Light is Everything!

“Eve of Destruction”

Last night in Estevan was the “Eve of Destruction” at the Estevan Motor Speedway. We had ourselves a little Combine Demo Derby & Car Rollover Contest. Honestly, who WOULDN’T want to come out and see a dozen or more old combines smash into each other losing tires and parts until they can’t move anymore?! 😆 It was pure pandemonium! Last night I was there as a spectator and I never left the stands. I was totally envious of Byron Fichter who was on the track getting the mad shots uninhibited by fence and other spectators. Check out his stuff on Facebook. It was a lot of fun, though to be honest, motor sports aren’t really up my alley. They do provide awesome opportunities for photos though, which is always a treat. The car flip n’ smash was a riot too, as well as all the moto cross kids. They did a fantastic job to the crowds applauding approval. So the next time you get the urge to drive your combine into a fence, the local CO-OP, or another combine, DO IT! Charge $20.00 bucks a head and people will come for miles around to witness your carnage. Throw on a chicken suit for added fun. Why not?! 8)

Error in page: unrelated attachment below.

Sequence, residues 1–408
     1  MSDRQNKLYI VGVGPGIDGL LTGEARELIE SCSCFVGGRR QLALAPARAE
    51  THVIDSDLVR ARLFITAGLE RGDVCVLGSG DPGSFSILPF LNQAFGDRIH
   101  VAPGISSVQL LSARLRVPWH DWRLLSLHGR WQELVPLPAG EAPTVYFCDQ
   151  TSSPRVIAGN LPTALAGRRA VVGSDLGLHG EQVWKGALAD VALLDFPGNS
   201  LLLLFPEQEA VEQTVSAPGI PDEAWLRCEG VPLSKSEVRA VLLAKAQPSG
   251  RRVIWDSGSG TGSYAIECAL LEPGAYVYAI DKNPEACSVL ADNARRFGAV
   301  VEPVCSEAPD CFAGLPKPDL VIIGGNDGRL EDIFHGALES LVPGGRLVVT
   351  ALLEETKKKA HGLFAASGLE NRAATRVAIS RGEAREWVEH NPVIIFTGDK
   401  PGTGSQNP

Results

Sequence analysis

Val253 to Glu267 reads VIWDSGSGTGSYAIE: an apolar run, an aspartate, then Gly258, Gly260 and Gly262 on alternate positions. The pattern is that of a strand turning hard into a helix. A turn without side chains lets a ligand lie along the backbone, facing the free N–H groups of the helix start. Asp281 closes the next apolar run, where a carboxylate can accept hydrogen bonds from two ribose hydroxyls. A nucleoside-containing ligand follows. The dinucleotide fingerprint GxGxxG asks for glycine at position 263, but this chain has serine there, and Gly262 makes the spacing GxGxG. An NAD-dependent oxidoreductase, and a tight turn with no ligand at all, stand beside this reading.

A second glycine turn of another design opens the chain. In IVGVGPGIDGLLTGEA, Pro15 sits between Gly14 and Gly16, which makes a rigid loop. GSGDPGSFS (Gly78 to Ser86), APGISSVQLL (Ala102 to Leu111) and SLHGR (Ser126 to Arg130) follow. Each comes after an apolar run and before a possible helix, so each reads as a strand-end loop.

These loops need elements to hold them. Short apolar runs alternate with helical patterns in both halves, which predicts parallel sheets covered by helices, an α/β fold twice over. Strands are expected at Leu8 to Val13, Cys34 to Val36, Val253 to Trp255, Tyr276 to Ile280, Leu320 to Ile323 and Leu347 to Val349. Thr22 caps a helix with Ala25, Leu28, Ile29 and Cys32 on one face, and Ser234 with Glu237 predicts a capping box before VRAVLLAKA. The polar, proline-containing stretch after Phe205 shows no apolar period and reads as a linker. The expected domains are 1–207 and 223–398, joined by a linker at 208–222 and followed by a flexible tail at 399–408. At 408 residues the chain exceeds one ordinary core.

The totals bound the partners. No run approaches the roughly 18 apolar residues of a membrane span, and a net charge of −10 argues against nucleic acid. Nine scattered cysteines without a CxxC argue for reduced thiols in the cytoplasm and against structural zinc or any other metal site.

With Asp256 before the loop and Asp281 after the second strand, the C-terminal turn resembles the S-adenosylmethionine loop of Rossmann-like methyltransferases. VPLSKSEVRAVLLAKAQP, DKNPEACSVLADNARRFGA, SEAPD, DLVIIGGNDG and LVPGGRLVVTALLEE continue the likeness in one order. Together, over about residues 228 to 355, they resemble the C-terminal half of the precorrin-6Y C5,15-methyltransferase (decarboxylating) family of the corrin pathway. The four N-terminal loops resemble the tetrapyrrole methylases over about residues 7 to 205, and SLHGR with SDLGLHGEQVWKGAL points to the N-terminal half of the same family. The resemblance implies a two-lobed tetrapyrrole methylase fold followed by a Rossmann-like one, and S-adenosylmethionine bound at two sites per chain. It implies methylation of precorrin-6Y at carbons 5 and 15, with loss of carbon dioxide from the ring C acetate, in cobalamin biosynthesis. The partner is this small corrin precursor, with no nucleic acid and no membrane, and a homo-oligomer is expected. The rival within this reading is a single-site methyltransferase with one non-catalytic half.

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Photo Geek Insights: This situation was incredibly brutal for taking photos. All there was for light was the sodium vapour lamps way up on posts to illuminate the track.  When you have no light, you have to bump up the ISO. In my case, I was not shooting f/2.8 glass which would have helped tons. I was stuck at around f/5.6 which necessitated me shooting at ISO 2000 for many shots! 😯 On a DX format camera, that’s a recipe for noisy, grainy shots. But, it allows you to get the shots. Another example of your pixels not being pretty, but you’ll at least get pictures. I was shooting manually too, purposely underexposing the photos by 2 stops so I could maintain shutter speed to freeze action. To stop the MX bikes, I thought I’d need at least 1/200, which is fairly quick for no light. Thankfully we have post processing that allows one to salvage the shots. It would be an ideal environment for strobe actually, but as a spectator, you’re doing the best you can with what you have to work with.


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